- Dormant Parliament
- Standing External Advisory Committee
- ‘Move health to Concurrent list’
- HYPNEA INDICA; HYPNEA BULLATA
Context: The Budget session of Parliament ended, two weeks ahead of the original plan, as many political leaders are busy with campaigning for the forthcoming State Assembly elections.
- This follows the trend of the last few sessions:
- The Budget session of 2020 was curtailed ahead of the lockdown imposed following the novel coronavirus pandemic,
- A short 18-day monsoon session ended after 10 days as several Members of Parliament and Parliament staff got affected by COVID-19, and
- The winter session was cancelled.
- As a result, the fiscal year 2020-21 saw the Lok Sabha sitting for 34 days (and the Rajya Sabha for 33), the lowest ever.
- The casualty was proper legislative scrutiny of proposed legislation as well as government functioning and finances.
- While COVID-19 was undoubtedly a grave matter, there is no reason why Parliament could not adopt remote working and technological solutions, as several other countries did.
No Bill scrutiny
- An important development this session has been the absence of careful scrutiny of Bills.
- During the session, 13 Bills were introduced, and not even one of them was referred to a parliamentary committee for examination.
- Many high impact Bills were introduced and passed within a few days.
- The Government of National Capital Territory of Delhi (Amendment) Bill, 2021, which is the Bill to change the governance mechanism of Delhi – shifting governance from the legislature and the Chief Minister to the Lieutenant Governor – was introduced on March 15 in the Lok Sabha, passed by that House on March 22 and by Rajya Sabha on the March 24.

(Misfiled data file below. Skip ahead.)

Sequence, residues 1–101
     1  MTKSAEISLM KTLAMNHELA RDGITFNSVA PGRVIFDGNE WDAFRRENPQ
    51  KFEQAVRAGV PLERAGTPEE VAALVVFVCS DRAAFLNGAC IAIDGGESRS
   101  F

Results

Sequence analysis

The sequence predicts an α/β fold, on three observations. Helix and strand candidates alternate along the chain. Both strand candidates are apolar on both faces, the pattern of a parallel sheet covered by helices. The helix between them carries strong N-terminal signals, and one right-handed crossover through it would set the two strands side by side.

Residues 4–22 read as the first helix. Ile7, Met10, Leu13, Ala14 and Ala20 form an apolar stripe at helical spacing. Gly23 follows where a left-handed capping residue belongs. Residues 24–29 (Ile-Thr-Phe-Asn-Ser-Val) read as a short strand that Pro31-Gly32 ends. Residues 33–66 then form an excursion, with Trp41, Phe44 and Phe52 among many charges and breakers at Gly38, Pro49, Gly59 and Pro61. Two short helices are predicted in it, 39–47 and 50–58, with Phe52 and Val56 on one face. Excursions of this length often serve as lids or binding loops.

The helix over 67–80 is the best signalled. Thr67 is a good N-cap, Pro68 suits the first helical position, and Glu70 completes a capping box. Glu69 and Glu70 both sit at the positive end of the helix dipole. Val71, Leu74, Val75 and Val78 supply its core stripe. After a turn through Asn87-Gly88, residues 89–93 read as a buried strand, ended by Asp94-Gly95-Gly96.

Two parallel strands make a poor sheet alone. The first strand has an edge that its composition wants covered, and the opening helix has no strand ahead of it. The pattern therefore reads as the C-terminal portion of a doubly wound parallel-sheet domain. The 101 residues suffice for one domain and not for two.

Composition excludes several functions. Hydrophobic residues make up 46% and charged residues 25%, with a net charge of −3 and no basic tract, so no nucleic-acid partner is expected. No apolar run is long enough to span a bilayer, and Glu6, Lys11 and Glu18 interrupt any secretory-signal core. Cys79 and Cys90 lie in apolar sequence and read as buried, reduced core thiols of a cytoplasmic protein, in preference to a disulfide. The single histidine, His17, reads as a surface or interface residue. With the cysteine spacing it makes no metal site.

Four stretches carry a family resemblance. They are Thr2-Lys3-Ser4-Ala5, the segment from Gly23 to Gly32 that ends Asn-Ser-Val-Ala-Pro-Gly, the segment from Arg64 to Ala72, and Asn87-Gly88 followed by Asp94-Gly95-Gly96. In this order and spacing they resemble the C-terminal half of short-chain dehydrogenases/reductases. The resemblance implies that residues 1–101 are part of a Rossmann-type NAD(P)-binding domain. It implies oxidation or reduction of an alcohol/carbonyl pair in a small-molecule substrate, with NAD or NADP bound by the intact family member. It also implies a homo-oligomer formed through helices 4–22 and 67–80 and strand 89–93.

- Another Bill, the Mines and Minerals (Development and Regulation) Amendment Bill, 2021, amends the Mines and Minerals Act, 1957 to remove end-use restrictions on mines and ease conditions for captive mines; this Bill was introduced on March 15 and passed by both Houses within a week.
- A Bill – The National Bank for Financing Infrastructure and Development (NaBFID) Bill, 2021 – to create a new government infrastructure finance institution and permit private ones in this sector was passed within three days of introduction.
- The Insurance (Amendment) Bill, 2021, the Bill to increase the limit of foreign direct investment in insurance companies from 49% to 74% also took just a week between introduction and passing by both Houses.
- In all, 13 Bills were introduced in this session, and eight of them were passed within the session.
- This quick work should be read as a sign of abdication by Parliament of its duty to scrutinise Bills, rather than as a sign of efficiency.
Standing External Advisory Committee
Context: The Reserve Bank of India (RBI) has set up a five-member Standing External Advisory Committee (SEAC), headed by former RBI Deputy Governor Shyamala Gopinath, for evaluating applications for universal banks and Small Finance Banks (SFBs).